State News in Brief


Beshear asks Supreme Court to hear college funding case

FRANKFORT (AP) — Kentucky’s Democratic attorney general has asked the Supreme Court to decide whether Gov. Matt Bevin has the authority to cut college and university budgets without the approval of the state legislature.

A state judge ruled last week that Bevin does have the authority to order public colleges and universities not to spend all of the money the state legislature gave them. Attorney General Andy Beshear is appealing the decision, arguing it gives the governor’s office too much power.

The case would normally go to the state Court of Appeals. But Beshear is asking the state Supreme Court to take the case because of its “great and immediate public importance.”

A spokeswoman for Bevin did not immediately respond to a request for comment.

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Officials: Man drowns in Laurel River Lake

WILLIAMSBURG (AP) — A man has drowned while swimming in Laurel River Lake in Whitley County.

Whitley County Coroner Andy Croley tells news organizations that 21-year-old Zachary Anderson died Monday night after swimming with his friend.

The two were swimming near the lake’s spillway when Anderson went under the surface and never came back up.

Whitley County Emergency Management Director Danny Moses says the two walked around a cove and decided to swim, but Anderson didn’t make it.

Several crews assisted at the scene, including Whitley County EMS, Oak Grove Volunteer Fire and Rescue Department, Woodbine Volunteer Fire and Rescue Department and a Louisiana dive team.

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Attorney general: UK violated Kentucky’s open records law

LEXINGTON (AP) — The Kentucky attorney general’s office has ruled that the University of Kentucky violated state law when it denied a request for details of a committee’s meetings.

The Lexington Herald-Leader reports that Attorney General Andy Beshear’s office determined on May 19 that the UK HealthCare Compensation Planning Committee failed to conduct “an adequate search for requested meeting minutes.” The attorney general had asked for the search method the cabinet used to locate records in response to a request by a newspaper.

UK General Counsel William Thro’s previously argued the attorney general isn’t authorized to review a denial of records based on their stated nonexistence. The attorney general’s office rejected Thro’s argument.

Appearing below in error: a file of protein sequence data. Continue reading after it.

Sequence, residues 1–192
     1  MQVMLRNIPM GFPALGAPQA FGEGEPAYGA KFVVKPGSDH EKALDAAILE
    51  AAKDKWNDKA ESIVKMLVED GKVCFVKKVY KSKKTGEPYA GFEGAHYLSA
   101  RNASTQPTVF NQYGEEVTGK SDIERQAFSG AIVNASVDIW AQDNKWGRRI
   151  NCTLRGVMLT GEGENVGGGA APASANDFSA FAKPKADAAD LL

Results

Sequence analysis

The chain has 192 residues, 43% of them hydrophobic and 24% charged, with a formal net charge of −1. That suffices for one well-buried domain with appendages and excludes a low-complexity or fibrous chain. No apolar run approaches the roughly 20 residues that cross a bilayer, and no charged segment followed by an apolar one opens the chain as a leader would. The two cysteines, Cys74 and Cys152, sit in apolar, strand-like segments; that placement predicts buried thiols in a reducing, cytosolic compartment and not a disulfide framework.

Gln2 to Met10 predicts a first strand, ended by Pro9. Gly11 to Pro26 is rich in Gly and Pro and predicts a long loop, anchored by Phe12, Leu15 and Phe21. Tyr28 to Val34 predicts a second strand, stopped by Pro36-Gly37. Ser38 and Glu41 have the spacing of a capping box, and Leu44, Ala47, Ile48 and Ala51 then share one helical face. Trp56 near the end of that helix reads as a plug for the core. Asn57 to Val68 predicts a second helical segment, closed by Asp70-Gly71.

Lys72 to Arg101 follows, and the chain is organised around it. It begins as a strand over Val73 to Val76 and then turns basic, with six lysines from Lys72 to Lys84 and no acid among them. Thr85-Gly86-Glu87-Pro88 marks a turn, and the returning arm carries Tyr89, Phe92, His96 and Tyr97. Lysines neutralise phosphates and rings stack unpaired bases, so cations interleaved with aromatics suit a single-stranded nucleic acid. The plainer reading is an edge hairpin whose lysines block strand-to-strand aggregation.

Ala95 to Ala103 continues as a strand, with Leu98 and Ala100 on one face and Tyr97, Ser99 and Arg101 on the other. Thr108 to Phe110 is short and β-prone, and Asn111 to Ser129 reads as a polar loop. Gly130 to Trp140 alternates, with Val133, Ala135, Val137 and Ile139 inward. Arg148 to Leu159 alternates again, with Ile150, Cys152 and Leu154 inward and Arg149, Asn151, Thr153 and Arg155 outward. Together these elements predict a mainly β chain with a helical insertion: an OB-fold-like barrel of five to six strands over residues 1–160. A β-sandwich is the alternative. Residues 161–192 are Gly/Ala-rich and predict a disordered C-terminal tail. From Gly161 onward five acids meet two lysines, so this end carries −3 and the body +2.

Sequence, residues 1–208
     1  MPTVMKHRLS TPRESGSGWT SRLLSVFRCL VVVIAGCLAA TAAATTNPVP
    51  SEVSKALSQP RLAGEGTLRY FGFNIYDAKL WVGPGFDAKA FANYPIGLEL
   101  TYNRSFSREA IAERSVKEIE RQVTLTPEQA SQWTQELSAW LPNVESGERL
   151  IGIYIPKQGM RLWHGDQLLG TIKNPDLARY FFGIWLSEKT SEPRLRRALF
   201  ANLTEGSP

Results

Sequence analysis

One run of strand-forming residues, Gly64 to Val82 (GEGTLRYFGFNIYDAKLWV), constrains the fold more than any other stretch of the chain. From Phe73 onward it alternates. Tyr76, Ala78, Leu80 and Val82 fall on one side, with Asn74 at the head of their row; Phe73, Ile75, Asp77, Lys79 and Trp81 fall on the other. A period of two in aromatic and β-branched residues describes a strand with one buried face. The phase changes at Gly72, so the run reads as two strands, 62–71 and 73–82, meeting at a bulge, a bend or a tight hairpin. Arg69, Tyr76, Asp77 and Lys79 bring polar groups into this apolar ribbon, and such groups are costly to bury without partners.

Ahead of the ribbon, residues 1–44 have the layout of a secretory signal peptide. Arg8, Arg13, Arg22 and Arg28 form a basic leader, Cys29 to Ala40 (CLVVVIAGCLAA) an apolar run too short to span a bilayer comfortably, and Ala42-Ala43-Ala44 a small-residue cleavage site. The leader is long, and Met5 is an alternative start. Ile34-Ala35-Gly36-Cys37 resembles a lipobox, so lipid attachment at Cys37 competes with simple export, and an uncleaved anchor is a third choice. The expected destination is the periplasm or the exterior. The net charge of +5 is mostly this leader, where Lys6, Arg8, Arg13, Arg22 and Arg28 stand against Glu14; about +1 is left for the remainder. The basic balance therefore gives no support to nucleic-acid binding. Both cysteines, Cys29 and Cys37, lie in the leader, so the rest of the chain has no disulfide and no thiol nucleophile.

UK officials have not yet decided if they will appeal.

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Priest abuse victim sentenced for child pornography

LOUISVILLE (AP) — A Kentucky newspaper reports a man who was abused by a Catholic priest in Louisville as a child has been sentenced to 30 years in prison for using two boys to produce child pornography.

The Courier-Journal reports that 47-year-old Michael Mudd, of Bullitt County near Louisville, was sentenced Wednesday to the 30 years sought by prosecutors.

Mudd pleaded guilty in June to two counts of producing child pornography. His attorney had requested a 15-year sentence, saying Mudd’s case “justifies a degree of mercy not otherwise warranted.”

Mudd says he was molested at age 11 by the Rev. Daniel C. Clark. Clark pleaded guilty in 1988 to abusing Mudd and another boy.

Senior U.S. District Judge Thomas B. Russell said that while Mudd’s own abuse was unfortunate, the public still must be protected.

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Fire school in Lexington to attract hundreds of firefighters

VERSAILLES (AP) — Hundreds of firefighters from Kentucky and other states will be in Lexington next week for a training conference.

The first responders will have a chance to sharpen their skills at the 87th Annual Kentucky State Fire School beginning June 1. Classes will be held at the Lexington Convention Center and Cox Street parking lot.

Visiting firefighters will be able to choose from more than 40 courses that offer hands-on and classroom training. Some of the courses are urban search and rescue, violence intervention and a workshop for public safety divers.

Kentucky Fire Commission Executive Director Ronnie Day says firefighters today must have multiple skills, since the types of situations they’re asked to respond to are ever-changing.

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Indiana historic church’s missing steeple to be replaced

NEW ALBANY, Ind. (AP) — A historic southern Indiana church is getting a new steeple more than a century after a lightning strike destroyed its original spire.

Crews will lift the 65-foot steeple into place Thursday atop the Town Clock Church in New Albany and top it with a gold finial.

The News and Tribune reports the steeple was paid for with donations and built by volunteers. It will replace one destroyed by a 1915 lightning strike.

The original steeple was visible in Kentucky, across the Ohio River, and was a beacon of hope for slaves seeking freedom before and during the Civil War period.

The 1850s-era church was built by an abolitionist Presbyterian congregation that aided fugitive slaves along the Underground Railroad.

It’s now used by the predominantly black Second Baptist Church.

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